This article arises from Future Tense,a collaboration among Arizona State University, the New America Foundation, and Slate.
Over the past 20 years, cultural psychology research has confirmed what pop-culture purveyors and marketers have long suspected: that what defines American culture is an emphasis on independence, autonomy, and choice. We belt out songs like Frank Sinatra's "My Way" and patronize restaurants with slogans like, "Have it your way, right away." While we embrace our unalienable rights, we abhor the value that other cultures place on collective conformity and obedience to authority. After the 2008 Beijing Olympic Game opening ceremony, for example, Americans collected stories about how the Chinese participants in the ceremony were expected to sacrifice for the collective, wearing adult diapers and enduring heatstroke so the nationalistic show could go on.
This American emphasis on the individual's sovereignty poses a problem for new technologies designed precisely to deny personal agency. Autonomous technological agents—from military drones to the self-driving car—are increasingly prevalent. Their potential benefits and conveniences are immense. Yet as the currently cutting-edge becomes commonplace, these technologies could bump up against the prized American autonomy.
The United States drives more than any other society, and the self-driving car provides the glorious possibility of a hands-free cross-country road trip. But how will it harmonize with American drivers' varied preferences for tailgating, conscientious speed-limit-monitoring, passive aggression toward walkway pedestrians, or highway-traversing pursuits of the fastest lane? General Motors, Volkswagen, Audi, BMW, Volvo, and Google are each currently testing driverless cars, with intentions to make the vehicle available for mass consumption by 2018. Recently, Nevada became the first state to pass legislation asking the Department of Motor Vehicles to formulate guidelines for driverless cars.
While engineers are perfecting the technology, they still must grapple with the drivers, who must both trust and enjoy the automated-car experience. Making a driver-free car safe and effective requires overlooking the uniqueness of each individual's driver personality. Research suggests that autonomous technological agents like service robots and anthropomorphic computer interfaces can diminish users' experiences of control. And we hate to give up control.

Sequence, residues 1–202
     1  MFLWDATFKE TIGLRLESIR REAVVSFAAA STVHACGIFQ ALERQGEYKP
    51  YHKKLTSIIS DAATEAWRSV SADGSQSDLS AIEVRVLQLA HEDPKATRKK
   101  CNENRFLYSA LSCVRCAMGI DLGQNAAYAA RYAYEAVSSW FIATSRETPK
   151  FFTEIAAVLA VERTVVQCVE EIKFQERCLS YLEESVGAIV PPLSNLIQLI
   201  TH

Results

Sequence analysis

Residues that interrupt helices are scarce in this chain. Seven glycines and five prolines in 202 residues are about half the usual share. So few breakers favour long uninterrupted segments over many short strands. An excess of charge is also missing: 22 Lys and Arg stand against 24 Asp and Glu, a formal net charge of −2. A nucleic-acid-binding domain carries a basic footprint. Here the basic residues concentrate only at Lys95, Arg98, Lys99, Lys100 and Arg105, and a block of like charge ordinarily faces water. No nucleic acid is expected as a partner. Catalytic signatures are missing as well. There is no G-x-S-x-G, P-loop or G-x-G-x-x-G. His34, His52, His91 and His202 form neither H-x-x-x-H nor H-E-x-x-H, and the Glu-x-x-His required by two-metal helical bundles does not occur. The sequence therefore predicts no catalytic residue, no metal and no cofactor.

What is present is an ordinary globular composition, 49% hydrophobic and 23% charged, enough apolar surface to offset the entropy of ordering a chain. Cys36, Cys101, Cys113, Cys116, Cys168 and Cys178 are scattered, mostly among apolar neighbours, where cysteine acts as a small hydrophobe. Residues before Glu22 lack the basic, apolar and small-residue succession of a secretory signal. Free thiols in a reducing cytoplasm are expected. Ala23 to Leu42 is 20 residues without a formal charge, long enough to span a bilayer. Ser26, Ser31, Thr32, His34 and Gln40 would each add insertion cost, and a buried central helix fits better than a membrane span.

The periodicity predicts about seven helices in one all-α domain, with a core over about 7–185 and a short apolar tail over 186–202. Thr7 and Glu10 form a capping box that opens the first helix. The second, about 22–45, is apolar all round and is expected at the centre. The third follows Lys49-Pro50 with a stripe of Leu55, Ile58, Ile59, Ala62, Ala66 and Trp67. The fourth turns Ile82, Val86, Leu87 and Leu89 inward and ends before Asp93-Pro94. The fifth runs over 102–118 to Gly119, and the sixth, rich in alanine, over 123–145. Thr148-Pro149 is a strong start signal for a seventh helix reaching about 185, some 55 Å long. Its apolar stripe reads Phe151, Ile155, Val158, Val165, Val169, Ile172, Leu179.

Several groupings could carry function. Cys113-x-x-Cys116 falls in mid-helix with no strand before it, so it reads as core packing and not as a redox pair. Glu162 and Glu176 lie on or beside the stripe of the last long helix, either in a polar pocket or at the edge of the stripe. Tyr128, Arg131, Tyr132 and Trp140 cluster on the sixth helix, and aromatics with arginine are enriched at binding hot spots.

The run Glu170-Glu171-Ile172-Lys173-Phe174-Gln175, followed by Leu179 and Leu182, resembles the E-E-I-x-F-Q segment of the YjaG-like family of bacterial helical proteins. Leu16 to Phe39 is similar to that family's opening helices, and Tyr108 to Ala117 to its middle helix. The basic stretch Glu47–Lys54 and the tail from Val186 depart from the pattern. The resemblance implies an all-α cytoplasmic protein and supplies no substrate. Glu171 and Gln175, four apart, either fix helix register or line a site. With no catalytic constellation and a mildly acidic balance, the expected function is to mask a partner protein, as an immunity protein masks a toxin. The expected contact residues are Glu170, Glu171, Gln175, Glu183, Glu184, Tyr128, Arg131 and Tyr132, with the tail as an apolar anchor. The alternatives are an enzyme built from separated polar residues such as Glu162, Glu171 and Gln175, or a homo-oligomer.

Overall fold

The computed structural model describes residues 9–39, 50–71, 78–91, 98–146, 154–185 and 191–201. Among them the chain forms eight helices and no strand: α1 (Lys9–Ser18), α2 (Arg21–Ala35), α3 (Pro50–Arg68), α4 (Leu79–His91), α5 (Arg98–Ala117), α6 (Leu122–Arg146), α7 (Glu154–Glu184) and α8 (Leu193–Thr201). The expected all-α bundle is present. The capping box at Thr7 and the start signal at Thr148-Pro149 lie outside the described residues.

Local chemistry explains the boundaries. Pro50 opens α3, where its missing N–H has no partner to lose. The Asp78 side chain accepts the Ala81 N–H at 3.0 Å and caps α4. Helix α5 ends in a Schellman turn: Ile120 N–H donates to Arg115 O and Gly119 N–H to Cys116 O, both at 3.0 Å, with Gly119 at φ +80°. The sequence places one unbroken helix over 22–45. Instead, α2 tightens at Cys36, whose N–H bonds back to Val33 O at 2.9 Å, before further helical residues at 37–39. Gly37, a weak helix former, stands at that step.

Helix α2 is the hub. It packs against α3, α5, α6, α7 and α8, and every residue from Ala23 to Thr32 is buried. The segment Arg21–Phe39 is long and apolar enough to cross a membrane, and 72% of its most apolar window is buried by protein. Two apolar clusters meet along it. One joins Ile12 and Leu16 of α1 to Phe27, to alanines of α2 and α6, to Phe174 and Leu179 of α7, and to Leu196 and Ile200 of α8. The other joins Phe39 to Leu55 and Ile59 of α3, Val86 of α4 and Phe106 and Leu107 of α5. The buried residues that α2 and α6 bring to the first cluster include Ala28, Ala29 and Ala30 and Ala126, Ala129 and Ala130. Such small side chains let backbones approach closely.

This conflict is distinct from two more common technology-related scares: that technology is diminishing our basic intelligence and social skills; and that humans will become enslaved by robot overlords. The first is rooted in a romanticized nostalgia for simplicity. This fear, which Nicholas Carr expressed in both a 2008 Atlantic article and the recent book The Shallows, forgets that previous technological advances such as the telephone or printing press did not somehow set Homo sapiens back several evolutionary steps. The second is rooted in science fiction and represents more of an egotistical, anthropocentric concern about humans' place atop the hierarchy of agents. Neither of these concerns is as legitimate a problem as the possibility that autonomous technology might simply piss people off.
We may think we want convenience, but that feeling may change to frustration when this convenience comes at the expense of individual expression and choice. Drivers reserve the right to choose the route they take to their destination, the lane in which they drive, the speed at which they travel, and their level of safety awareness—all decisions that an autonomous car might make instead, as the "driver" becomes more of a passenger. Getting stick-shift diehards to surrender their fighter-pilot-level mastery of the controls and adopt the autonomous car will probably be even more difficult. The consequences of not recognizing the conflict between convenience and driver autonomy could mean monumental amounts of money, time, and resources wasted on this effort, if consumers are hesitant to adopt it.